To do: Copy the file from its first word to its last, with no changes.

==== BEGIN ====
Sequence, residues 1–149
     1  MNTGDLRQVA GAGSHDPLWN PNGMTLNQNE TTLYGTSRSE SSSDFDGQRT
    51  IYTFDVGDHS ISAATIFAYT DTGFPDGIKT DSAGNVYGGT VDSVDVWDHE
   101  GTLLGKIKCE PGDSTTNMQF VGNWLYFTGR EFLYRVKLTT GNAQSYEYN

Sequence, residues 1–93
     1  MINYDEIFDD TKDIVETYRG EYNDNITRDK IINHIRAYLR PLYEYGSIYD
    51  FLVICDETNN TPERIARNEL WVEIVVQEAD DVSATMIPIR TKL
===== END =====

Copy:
Sequence, residues 1–149
     1  MNTGDLRQVA GAGSHDPLWN PNGMTLNQNE TTLYGTSRSE SSSDFDGQRT
    51  IYTFDVGDHS ISAATIFAYT DTGFPDGIKT DSAGNVYGGT VDSVDVWDHE
   101  GTLLGKIKCE PGDSTTNMQF VGNWLYFTGR EFLYRVKLTT GNAQSYEYN

Sequence, residues 1–93
     1  MINYDEIFDD TKDIVETYRG EYNDNITRDK IINHIRAYLR PLYEYGSIYD
    51  FLVICDETNN TPERIARNEL WVEIVVQEAD DVSATMIPIR TKL